As he got to know more Brazilians, more jobs came his way. He painted, cleaned, washed dishes in restaurants, did odd jobs at a field hockey club. "There is a whole network of Brazilians in the city who help each other finds jobs," Alves said.

While illegal aliens risk being deported, the employees who hire them are also in violation of the law. Businesses who have illegal employees risk being fined up to 8,000 euros. People who privately hire them as cleaners or painters have to pay 4,000 euros if they are caught.

"The risk of getting caught is slim," explained one Amsterdam restaurant-owner who asked not to be named citing fear of the authorities. "The labour costs are low and illegal aliens work hard." He said he occasionally had illegal aliens working in his kitchen. "Right now, I am looking for a new dishwasher. I will hire anyone who makes a reliable impression and is willing to work hard for little pay. That can be a either a student or an illegal alien."

In his restaurant, the illegal aliens are not treated differently, he said. In fact their net pay is a bit higher than that of legal residents. "Other dishwashers make minimum wage, but because of all the taxes they cost me more," the restaurant owner explained. He is not the only one willing to employ illegal aliens. "Think about all those who have a Ghanaian or Brazilian cleaning lady. They are all here illegaly," he said.

Society within a society

The people who hired him were pretty much the only Dutch people Alves got to know. "I had a Dutch girlfriend for about a year and my landlord is Dutch," Alves said. But he mostly stuck with fellow Brazilians, practically all of whom were here illegally. They have created their own society within society, according to Alves. But despite this isolation, they find their way to useful services. "All Brazilians know they can get home for free through the IOM and everyone I know travels that way," Alves said. Meanwhile the Brazilian consulate in Rotterdam, helps all Brazillian citizens, legal or illegal." IOM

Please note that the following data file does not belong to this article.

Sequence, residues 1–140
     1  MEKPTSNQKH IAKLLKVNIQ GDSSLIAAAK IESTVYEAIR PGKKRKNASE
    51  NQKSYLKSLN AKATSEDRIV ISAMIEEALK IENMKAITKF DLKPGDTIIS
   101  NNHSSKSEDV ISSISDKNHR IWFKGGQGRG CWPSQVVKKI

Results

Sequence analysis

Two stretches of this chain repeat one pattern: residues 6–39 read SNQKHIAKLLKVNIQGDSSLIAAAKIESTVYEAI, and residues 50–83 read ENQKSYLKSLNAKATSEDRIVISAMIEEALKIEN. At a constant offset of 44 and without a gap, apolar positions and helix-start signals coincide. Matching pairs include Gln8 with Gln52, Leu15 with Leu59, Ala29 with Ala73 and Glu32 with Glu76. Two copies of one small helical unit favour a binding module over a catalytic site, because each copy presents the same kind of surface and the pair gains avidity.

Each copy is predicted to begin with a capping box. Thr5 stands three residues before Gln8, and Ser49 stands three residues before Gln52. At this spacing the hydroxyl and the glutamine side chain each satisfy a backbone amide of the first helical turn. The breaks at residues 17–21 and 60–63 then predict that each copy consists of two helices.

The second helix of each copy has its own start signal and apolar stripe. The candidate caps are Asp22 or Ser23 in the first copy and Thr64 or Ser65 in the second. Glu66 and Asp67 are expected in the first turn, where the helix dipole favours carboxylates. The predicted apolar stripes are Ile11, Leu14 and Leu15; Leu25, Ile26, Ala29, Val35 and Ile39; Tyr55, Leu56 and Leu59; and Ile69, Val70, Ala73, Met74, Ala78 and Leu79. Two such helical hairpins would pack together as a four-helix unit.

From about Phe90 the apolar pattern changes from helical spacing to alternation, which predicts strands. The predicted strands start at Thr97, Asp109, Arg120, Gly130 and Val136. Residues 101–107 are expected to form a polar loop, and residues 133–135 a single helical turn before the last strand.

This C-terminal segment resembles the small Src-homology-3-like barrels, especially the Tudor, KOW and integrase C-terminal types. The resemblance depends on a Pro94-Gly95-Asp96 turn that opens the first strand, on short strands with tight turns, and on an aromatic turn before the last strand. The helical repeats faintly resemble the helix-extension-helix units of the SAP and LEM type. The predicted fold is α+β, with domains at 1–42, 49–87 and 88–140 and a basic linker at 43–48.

The International Organization for Migration, sponsored by the Dutch justice ministry, paid the return trip for 2,165 aliens in the Netherlands between January 1 and October 31 this year. The largest group returned to Iraq (629) and 263 people travelled to Brazil.

"Legally we can't demand people who turn to us to prove they can't pay for their own ticket. They only way to check this is to ask them, which obviously is not an airtight system," a spokesperson for IOM explained.

By the time this interview is published Alves will have safely returned to Brazil and taken up his job respraying cars. The money he earned in the Netherlands will allow him to refurbish his mother's house and buy his own car.

He cherishes happy memories of the Netherlands, but will not recommend any of his friends to go there. For one, the Brazilian economy is in better shape than it was when he left. The other reason is the insecurity that comes with staying here illegally. "Fortunately I had a good friend in the Netherlands - a fellow illegal Brazilian - who would have called my family if anything were to happen to me. The worst thing that can happen to an illegal alien is to die without your family ever hearing about it," Alves said


I would not take the risk to get caught and be put in a Detention Centre!